report) to hire corporate consulting firm
KPMG to assess priorities for municipal
cuts, the city is considering eliminating
services such as the Community Partnership
and Investment Programs — which fund,
amongst other things, AIDS prevention, the
arts, and student nutrition programs. Other
options currently being considered include
library closures, reduced TTC bus routes,
increased service fees and and end to the
“Welcome Policy” — a program that allows
people on social assistance free access to
community centres. Shelter beds are also on
the chopping block, a problem exacerbated
by a proposed freeze on public housing
development and the selling off of existing
units. Many of these cuts will require public
sector layoffs, increasing the need for the
very services being eliminated.

KPMG’s recommendations provoked
outrage from Toronto residents. On July
28 and 29 the city held a marathon council
meeting, with Torontonians lining up
to depute long into the night and early
morning. MP Joe Mihevic commented that
Mayor Ford had awakened “a sleeping
city”; anger over planned cuts has prompted
a swell in engagement in municipal politics,
motivating many people to organize and
advocate for the first time.

This political engagement is important and
encouraging. But to defeat Ford we must
grow beyond Facebook groups and City
Hall deputations. We have to recognize the
limits of bureaucratic measures and begin
directing this frustration and anger towards
building mass mobilizations. The Toronto
Stop the Cuts network aims to do just that.

Toronto Stop the Cuts grew out of a pre-
existing network of activists and grassroots
community organizations that had joined
forces to organize the “Justice for Our
Communities” day of action during last
year’s Toronto G20 summit protests.
Comprised of members from the Ontario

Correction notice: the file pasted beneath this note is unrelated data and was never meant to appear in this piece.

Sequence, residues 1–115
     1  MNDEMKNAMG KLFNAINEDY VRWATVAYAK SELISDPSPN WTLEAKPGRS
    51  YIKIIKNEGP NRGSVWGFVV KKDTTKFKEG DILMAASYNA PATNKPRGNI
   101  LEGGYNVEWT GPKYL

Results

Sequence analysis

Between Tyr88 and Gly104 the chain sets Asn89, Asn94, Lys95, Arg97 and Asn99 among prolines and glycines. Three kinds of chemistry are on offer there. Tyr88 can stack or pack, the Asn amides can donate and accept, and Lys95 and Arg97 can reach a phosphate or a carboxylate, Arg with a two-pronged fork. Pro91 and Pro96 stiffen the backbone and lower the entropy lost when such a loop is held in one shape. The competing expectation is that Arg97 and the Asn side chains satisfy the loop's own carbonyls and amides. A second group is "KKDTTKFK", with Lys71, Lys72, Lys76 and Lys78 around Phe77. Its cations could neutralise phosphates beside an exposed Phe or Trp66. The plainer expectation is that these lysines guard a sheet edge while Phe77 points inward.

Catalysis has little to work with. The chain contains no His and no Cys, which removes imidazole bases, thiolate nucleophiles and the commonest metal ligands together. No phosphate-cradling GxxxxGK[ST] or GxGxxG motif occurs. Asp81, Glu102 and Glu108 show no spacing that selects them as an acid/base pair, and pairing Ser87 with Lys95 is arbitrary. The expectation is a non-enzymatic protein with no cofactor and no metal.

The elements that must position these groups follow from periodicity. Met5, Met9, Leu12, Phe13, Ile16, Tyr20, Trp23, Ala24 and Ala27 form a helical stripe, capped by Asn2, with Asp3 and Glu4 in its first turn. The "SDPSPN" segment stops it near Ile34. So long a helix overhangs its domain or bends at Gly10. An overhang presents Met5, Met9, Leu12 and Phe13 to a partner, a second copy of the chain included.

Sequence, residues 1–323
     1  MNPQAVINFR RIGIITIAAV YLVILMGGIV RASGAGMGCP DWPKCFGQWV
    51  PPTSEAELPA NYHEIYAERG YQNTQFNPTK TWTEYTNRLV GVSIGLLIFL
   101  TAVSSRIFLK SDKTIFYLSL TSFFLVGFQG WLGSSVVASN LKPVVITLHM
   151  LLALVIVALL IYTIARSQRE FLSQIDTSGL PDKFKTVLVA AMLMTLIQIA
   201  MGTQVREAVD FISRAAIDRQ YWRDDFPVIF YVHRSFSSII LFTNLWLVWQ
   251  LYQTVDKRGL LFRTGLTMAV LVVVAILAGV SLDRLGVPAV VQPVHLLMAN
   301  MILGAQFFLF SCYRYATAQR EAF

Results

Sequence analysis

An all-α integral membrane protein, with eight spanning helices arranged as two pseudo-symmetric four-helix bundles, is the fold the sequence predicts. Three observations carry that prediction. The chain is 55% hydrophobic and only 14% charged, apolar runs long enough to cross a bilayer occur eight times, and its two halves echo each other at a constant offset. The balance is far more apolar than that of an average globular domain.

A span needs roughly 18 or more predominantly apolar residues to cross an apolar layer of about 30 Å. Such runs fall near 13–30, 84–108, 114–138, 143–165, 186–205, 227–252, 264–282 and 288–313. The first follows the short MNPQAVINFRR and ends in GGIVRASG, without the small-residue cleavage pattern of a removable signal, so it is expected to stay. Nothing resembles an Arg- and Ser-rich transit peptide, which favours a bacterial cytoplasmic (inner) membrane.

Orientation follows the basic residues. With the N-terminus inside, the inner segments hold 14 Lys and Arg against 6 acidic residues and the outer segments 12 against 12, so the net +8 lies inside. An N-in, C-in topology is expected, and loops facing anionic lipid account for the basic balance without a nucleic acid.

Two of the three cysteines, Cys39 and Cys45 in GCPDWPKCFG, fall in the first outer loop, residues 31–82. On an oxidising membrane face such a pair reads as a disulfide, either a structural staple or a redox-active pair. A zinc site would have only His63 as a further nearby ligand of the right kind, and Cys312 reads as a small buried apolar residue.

Coalition Against Poverty (OCAP), No
One is Illegal (NOII) and Jane/Finch Action
Against Poverty (JFAAP) this network
came together to voice their shared outrage
towards the austerity agenda then being
drafted by world leaders behind closed
doors and a multimillion dollar security
fence. After Ford’s election in October,
attention shifted towards preparations to
resist his anticipated cuts.

The strength of the Toronto Stop the Cuts
network lies in an organizational model that
stresses local organizing, popular outreach
and direct action. Toronto Stop the Cuts is
composed of a decentralized network of
autonomous neighbourhood committees
and community groups; these local bodies
hold community meetings, plan actions
and carry out extensive public outreach to
mobilize Torontonians against Ford’s cuts.
By organizing in the neighborhoods we live
and work in, our network
is building grassroots
structures that will be
prepared to defend local
services in the months
and years to come.
Each of these groups
is encouraged to make
decisions that address
local realities. Joint
actions of the broader
network are developed
democratically, through
the participation of
people meeting in
neighborhoods across the

On September 10,
Toronto Stop the Cuts
will be holding a city-wide mass
meeting open to all those concerned
about Ford’s proposed cuts. At this
meeting, we will develop a people’s
declaration and begin to lay the
groundwork for a series of creative
direct actions to hold City Hall to

Stop the Cuts mass

When: Saturday,
September 10; 12pm

Where: Dufferin
Grove Park

Contact Toronto
Stop the Cuts to get